Sunday, November 4, 2018

Ceylon Court: From a World's Fair Exhibit to a Local Museum; The Story Continues





It’s been a while since I’ve featured one of the 19th Century estates on Geneva Lake in Wisconsin. I recently did a presentation at the Lake Geneva Public Library that featured many of the homes and properties I’ve talked about on this blog. But one I did not feature and is well worth mentioning is what was once called Ceylon Court.

The Ceylon Court Building at the Columbian exposition photo 
Courtesy of Wikimedia Commons
When the World’s Fair of 1893—also named The Columbian Exposition—closed in October 1893, many of the exhibits went on sale. Countries preferred to sell rather than spend the costs to get them returned to their origins.

Frank R. Chandler, a real estate mogul, purchased the World’s Fair display from the island of Ceylon, which was a reproduction of a temple that was found in the ancient cities of Ceylon. The display was dismantled board by board and transported to Lake Geneva, WI and the Chandlers' new property on Geneva Lake. The octagonal shaped building was made from many different kinds of wood, all native to Ceylon. Not a single nail was used in its construction. One doesn’t need to be of Buddhist persuasion to appreciate the craftsmanship and design of the unique structure. After transporting the dismantled building on 26 boxcars by rail to Geneva Lake, the Chandlers then commissioned architect Henry Lord Gay to design an addition to the structure, using only material native to Ceylon. The construction had to exactly duplicate the original construction. The completed project was nothing like what had been built on the lakeshore in the twenty-plus years following the Great Chicago Fire when many beautiful estates started being built there.


The Repurposed Ceylon Court with the addition added
(note date in upper left corner states "Built 1875." It was not built until 1893.)
Photo: Discover Lake Geneva, Gage Marine, 2003

Despite all the attention given to the building of the mansion, the Chandlers sold the property only six years later to the J.J. Mitchells in 1901. Mr. Mitchell was known as the dean of Chicago banking, but his time wasn’t all devoted to
Resource: Postal Card; Public Domain
banking. He and Mrs. Mitchell invested a lot of time into improving the estate and gave free access to locals. People had to park on the road outside the grounds but were free to enter on foot and enjoy the rose gardens. The family also entertained their personal friends and other notables The estate included a horse barn where draft horses were bred. One of the most famous horses of the past, Dan Patch, lived there as well as other blue-ribbon winners. Local children loved coming to the estate's farm to look at the animals. All of this tragically ended when both Mitchells died in an auto accident.

The property was then purchased in 1928, by F.L. Maytag of washing machine fame. It wasn’t long before the name “Ceylon Court” faded and the estate was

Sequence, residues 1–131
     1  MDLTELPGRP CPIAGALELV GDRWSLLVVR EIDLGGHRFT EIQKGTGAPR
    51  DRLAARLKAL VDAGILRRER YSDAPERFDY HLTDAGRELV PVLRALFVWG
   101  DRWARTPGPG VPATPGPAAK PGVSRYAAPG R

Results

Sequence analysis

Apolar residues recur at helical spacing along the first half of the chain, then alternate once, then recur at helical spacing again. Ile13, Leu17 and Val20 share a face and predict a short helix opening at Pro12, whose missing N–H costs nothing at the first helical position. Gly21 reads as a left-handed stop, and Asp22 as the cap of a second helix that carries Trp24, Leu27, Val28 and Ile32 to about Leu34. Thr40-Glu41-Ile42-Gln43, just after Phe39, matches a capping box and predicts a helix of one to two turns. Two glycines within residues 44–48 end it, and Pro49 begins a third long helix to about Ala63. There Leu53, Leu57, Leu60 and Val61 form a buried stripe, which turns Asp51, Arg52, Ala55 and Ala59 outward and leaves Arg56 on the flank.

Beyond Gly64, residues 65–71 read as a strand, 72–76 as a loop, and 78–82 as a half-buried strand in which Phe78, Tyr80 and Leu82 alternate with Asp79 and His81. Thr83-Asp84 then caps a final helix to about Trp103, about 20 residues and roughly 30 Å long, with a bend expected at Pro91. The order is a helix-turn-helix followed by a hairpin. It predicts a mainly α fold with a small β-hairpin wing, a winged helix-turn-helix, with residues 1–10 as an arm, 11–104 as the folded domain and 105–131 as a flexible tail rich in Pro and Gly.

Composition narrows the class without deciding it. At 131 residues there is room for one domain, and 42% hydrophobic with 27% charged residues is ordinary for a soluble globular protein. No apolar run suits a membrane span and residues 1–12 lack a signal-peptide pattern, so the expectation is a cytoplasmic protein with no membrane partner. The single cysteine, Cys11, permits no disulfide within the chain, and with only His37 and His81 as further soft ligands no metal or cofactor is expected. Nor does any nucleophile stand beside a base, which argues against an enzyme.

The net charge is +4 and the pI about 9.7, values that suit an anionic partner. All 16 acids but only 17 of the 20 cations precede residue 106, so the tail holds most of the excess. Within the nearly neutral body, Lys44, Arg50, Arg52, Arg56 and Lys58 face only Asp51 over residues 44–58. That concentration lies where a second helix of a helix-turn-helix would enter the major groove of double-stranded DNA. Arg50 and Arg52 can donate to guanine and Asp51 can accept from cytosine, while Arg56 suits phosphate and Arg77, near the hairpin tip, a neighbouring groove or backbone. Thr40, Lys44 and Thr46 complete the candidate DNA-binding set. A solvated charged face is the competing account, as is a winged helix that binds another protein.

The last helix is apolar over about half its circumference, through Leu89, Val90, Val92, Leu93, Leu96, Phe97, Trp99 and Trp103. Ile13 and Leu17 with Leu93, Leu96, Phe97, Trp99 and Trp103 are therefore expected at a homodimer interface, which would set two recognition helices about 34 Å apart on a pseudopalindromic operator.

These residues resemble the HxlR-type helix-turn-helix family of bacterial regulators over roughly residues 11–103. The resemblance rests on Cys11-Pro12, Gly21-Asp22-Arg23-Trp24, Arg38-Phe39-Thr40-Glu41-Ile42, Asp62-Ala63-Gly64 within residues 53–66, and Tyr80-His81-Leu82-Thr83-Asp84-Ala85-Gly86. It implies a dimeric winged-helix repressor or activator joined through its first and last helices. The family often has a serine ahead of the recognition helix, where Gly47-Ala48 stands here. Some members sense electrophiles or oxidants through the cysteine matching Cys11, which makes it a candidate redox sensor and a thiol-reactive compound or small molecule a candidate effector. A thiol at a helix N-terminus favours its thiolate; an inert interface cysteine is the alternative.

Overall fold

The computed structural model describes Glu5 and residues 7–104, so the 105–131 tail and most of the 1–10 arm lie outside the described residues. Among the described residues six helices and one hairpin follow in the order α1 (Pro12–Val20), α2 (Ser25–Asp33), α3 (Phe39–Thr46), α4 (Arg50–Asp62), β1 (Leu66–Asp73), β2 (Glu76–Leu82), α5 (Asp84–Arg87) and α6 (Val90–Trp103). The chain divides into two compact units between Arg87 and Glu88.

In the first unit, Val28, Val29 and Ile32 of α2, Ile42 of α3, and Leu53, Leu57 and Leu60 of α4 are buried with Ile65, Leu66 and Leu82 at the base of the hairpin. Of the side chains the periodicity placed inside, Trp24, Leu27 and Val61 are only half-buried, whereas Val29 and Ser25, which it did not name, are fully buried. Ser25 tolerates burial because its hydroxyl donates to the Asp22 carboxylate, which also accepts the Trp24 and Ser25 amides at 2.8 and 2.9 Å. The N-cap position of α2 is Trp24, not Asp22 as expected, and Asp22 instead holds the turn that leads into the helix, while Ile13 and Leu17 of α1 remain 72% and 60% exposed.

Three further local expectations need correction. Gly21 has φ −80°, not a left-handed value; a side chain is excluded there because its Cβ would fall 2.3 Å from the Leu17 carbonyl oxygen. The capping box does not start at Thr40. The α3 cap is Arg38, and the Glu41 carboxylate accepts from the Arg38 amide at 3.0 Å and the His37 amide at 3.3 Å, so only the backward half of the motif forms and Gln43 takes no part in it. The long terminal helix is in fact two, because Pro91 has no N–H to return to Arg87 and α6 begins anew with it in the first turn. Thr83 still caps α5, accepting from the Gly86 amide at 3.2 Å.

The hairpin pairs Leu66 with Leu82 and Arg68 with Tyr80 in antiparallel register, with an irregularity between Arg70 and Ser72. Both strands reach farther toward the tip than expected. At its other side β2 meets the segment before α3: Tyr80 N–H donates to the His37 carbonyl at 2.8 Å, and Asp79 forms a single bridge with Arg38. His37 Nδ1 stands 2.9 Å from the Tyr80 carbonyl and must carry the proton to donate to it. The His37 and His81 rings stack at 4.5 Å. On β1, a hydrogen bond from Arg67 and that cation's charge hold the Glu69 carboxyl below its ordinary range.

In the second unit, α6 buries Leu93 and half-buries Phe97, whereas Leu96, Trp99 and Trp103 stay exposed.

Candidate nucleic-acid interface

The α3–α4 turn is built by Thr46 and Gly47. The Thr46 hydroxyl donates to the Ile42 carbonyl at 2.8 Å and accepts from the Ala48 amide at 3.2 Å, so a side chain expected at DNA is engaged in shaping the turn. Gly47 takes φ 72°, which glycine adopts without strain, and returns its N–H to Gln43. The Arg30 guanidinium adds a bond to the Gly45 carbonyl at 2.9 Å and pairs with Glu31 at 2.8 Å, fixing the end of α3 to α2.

Maytag Gardens
Resource: Postal Card, Public Domain
referred to as the Maytag Estate. It remained in the hands of the Maytags until 1948, when the property was subdivided with much of the farmland to the east becoming what is now called Lake Geneva Youth Camp, a Christian camp and retreat center that is still in operation today.

After a failed attempt to place the unique home on the National Register of Historic Places, contents, and architectural elements were auctioned off. You can read an article online about the most recent auction when the Florsheim family put some of the columns in their possession up for auction. The Geneva Lake Museum was also able to acquire some of these columns and a few other pieces and they are in a permanent display there. It’s well worth a visit to the museum if you are ever in the area. But all was not lost because many of the original buildings located on the farmland that is now Lake Geneva Youth Camp just east of the estate location still stand and have been repurposed by the camp.

Text Resources:
Lake Geneva, Newport of the West; 1976; Anne Wolfmeyer & Mary Burns Gage; Lake Geneva Historical Society,
Discover Lake Geneva, Gage Marine; 2003



A native of Lake Geneva, Wisconsin, author Pamela S. Meyers lives in suburban Chicago with her two rescue cats. Her novels include Surprised by Love in Lake Geneva and Safe Refuge, both historicals set in Lake Geneva, Wisconsin. When she isn’t at her laptop writing her latest novel, she can often be found nosing around Wisconsin and other midwestern spots for new story ideas.





2 comments:

  1. It seems sad that the property couldn't be put on the Historical Register. Thanks for the post!

    ReplyDelete
  2. I love your posts about Lake Geneva. Makes me wish I could visit. Some people just can't work to save history and pieces of our past. Makes me sad.

    ReplyDelete